I was leaving the gym last Tuesday and I followed the routine that I normally do when leaving. There is a slight downhill grade from the gym doors to the parking lot. The sidewalk winds around a bed of flowers and there is a retaining wall separating the flowers from the sidewalk. Without realizing it I always jump up on the retaining wall and try to tight rope walk down to the bottom of the wall. My mind is usually on the next task at hand when leaving the gym and this routine has just become something that I do when I leave.

On this particular day there was an older lady walking up the sidewalk to go into the gym. About half way up the sidewalk I saw her start to approach me. In my head I thought that one of my shoes must be untied, or maybe she was a student of mine in the active older adult class and I just didn't recognize her. As she came closer to me I could see a smile from ear to ear on her face. She reached out as if to slow me down so I bent over to hear what she wanted to say. She looked up at me with a huge smile on her face and said, "we all still have a little child left in us, don't we?” Before I could reply she gingerly hopped on one leg and started to make her way up the side walk at a faster pace. This 10-second interaction really made the wheels in my head start to turn.

Did she perceive me as younger than I was because of what is was doing or how I was moving? Did I perceive her as younger because she was able to hop on one foot and start jogging up the hill? Or is how we move throughout our day an indicator of our true physical age and can we truly stay young by moving more and more efficiently? 

I think to a large degree the answer to all of those questions is YES. 

As we age there are a lot of things that change physically with our bodies, and how we move is definitely one of them. How an individual moves can be a huge indicator in their true age. For example have you ever met an 80+ year old that still walks, works out, performs yoga and has pep in their step? Before knowing their age you would more than likely associate them with a much younger age group that still commonly performs these task. On the other hand have you known someone that has a lot of health issues stemming from lack of movement in their life, they seem much older and in fact their true physical age is actually much older.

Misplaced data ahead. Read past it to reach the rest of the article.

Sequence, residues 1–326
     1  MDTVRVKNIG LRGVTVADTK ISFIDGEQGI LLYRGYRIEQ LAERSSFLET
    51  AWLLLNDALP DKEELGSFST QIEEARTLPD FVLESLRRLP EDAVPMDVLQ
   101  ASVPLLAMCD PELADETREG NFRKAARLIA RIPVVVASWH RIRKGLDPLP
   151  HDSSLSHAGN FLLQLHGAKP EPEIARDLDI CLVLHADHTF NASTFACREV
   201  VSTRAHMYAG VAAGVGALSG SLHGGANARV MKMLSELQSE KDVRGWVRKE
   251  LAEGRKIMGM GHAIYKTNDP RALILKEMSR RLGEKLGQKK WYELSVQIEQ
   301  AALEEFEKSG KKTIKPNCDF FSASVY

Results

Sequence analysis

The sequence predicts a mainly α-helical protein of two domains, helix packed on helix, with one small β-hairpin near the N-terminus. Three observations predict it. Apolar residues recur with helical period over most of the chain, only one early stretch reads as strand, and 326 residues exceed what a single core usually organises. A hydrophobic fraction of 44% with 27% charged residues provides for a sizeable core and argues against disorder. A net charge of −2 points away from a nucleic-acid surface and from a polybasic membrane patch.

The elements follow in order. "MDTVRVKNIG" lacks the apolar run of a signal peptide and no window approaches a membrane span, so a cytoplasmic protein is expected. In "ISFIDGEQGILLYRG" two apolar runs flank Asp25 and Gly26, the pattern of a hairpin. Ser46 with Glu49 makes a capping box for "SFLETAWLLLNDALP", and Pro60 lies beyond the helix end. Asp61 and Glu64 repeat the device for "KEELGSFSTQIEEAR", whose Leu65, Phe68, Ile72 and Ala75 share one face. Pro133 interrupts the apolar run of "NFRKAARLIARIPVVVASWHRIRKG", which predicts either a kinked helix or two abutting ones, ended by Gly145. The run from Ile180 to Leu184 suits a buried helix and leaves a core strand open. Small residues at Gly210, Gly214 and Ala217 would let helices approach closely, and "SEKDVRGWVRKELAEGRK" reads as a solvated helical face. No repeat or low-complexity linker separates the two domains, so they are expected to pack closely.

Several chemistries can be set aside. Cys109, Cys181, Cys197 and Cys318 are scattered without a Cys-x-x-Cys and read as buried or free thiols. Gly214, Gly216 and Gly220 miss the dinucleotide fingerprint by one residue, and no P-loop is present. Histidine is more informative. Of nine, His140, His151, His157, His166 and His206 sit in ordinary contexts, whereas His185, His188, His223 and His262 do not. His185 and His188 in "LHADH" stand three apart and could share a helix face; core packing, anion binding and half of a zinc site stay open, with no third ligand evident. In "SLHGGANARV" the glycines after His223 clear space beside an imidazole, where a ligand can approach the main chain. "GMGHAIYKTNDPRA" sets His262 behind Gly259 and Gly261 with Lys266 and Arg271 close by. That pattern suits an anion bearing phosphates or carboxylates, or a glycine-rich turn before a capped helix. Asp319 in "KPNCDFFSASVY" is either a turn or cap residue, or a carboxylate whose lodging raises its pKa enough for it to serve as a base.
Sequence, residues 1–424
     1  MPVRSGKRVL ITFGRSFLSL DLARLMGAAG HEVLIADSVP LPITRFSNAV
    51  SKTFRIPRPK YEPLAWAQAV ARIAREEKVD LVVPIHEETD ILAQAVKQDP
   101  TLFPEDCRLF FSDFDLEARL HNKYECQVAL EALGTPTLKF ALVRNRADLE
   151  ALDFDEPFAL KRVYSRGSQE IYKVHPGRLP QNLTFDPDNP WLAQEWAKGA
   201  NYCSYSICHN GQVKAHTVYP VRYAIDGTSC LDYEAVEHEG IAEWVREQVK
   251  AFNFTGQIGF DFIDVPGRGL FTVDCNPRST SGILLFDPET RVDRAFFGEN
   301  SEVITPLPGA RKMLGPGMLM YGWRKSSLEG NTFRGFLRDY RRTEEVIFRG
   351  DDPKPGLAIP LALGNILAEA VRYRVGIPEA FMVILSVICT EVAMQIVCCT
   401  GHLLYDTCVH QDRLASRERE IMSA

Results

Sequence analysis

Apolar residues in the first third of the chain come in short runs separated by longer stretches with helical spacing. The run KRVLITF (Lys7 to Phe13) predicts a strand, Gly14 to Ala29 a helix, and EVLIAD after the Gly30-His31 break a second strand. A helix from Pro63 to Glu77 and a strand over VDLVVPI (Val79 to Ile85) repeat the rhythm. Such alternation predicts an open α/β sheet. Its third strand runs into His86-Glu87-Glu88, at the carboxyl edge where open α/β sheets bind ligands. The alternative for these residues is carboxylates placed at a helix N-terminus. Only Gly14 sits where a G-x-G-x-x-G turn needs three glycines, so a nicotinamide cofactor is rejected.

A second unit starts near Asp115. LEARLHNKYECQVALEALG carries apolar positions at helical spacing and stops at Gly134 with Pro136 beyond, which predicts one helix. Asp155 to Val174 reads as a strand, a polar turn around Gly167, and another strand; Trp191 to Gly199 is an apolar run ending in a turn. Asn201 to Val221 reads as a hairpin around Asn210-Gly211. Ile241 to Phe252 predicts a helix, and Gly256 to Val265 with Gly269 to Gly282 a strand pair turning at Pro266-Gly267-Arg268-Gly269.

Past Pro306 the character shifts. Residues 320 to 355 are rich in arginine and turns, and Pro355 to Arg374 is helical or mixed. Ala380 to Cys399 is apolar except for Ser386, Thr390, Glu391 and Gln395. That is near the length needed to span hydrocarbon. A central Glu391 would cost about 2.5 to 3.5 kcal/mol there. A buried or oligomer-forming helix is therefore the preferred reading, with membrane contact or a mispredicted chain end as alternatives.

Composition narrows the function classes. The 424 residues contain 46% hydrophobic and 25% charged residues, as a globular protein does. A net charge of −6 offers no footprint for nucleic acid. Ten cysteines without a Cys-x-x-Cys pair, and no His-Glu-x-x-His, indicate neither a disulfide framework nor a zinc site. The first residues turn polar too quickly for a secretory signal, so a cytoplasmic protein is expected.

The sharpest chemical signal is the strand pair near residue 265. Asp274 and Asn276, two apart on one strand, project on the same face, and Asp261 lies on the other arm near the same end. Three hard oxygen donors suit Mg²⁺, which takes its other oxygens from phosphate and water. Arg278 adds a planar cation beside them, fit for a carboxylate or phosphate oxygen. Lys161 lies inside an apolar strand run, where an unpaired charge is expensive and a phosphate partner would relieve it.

We all can agree that it is almost inevitable that as we will encounter limitations in our movement as we age. But this is why it is so crucial to keep moving, and moving properly as we age.

We need to either continue to train or re-train our bodies to move is all different planes. This means not only moving forward and from the seated to standing positions, but from laying to standing, moving side to side, and other challenging movements like we did when we were children.

In the office and at the gym I train proper rolling, rocking and crawling patterns. These movements are good for the mind and body. They might sound funny and unnecessary, but these are the movements that made you resilient and strong as a child. They movements will get you back to strength as you age as well. God made us to move, if you are being honest with yourself you probably don't move outside of your own hips and shoulders most days of the week. To truly stay healthy this needs to change.

So here it is, if you are searching for the fountain of youth be sure to use both non-linear and linear movements on your journey. Tight walk the imaginary line, jump over the "lava cracks" as you did when you were a kid. Move in a zigzag pattern while swinging the arms aimlessly.

You will find that as you return to moving the way we were intended to move things like pain, stiffness, and fatigue will diminish. As your knowledge of movement increases you will begin to grasp that fatigue pain, and stiffness just a basic result of ineffective movement patterns and will be on the road to better health.

Dr. Benjamin Hendrix, D.C.


DISCLAIMER: This blog is meant for the patients of TROSS Spine & Sports Performance as well as the general public. These articles are NOT meant to identify, diagnose or otherwise treat any specific conditions. Please seek the advice of your physician before starting a physical fitness routine or for any health concerns you may have.